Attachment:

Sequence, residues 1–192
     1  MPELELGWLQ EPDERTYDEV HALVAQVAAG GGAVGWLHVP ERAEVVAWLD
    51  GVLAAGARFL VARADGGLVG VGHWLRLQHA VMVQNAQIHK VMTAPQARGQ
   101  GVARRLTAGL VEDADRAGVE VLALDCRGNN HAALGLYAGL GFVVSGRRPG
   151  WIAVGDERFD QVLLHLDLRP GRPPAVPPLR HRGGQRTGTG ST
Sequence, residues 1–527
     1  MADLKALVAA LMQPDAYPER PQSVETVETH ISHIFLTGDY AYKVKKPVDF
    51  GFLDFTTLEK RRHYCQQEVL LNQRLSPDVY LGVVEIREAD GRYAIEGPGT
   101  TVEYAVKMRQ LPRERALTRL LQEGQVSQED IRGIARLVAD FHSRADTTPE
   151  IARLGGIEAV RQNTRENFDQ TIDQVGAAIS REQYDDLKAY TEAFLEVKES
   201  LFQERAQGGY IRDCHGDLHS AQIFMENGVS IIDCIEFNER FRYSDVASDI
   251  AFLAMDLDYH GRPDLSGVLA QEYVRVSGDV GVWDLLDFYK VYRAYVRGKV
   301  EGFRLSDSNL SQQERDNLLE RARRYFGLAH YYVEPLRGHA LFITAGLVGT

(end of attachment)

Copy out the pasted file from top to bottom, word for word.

Sequence, residues 1–192
     1  MPELELGWLQ EPDERTYDEV HALVAQVAAG GGAVGWLHVP ERAEVVAWLD
    51  GVLAAGARFL VARADGGLVG VGHWLRLQHA VMVQNAQIHK VMTAPQARGQ
   101  GVARRLTAGL VEDADRAGVE VLALDCRGNN HAALGLYAGL GFVVSGRRPG
   151  WIAVGDERFD QVLLHLDLRP GRPPAVPPLR HRGGQRTGTG ST
Sequence, residues 1–527
     1  MADLKALVAA LMQPDAYPER PQSVETVETH ISHIFLTGDY AYKVKKPVDF
    51  GFLDFTTLEK RRHYCQQEVL LNQRLSPDVY LGVVEIREAD GRYAIEGPGT
   101  TVEYAVKMRQ LPRERALTRL LQEGQVSQED IRGIARLVAD FHSRADTTPE
   151  IARLGGIEAV RQNTRENFDQ TIDQVGAAIS REQYDDLKAY TEAFLEVKES
   201  LFQERAQGGY IRDCHGDLHS AQIFMENGVS IIDCIEFNER FRYSDVASDI
   251  AFLAMDLDYH GRPDLSGVLA QEYVRVSGDV GVWDLLDFYK VYRAYVRGKV
   301  EGFRLSDSNL SQQERDNLLE RARRYFGLAH YYVEPLRGHA LFITAGLVGT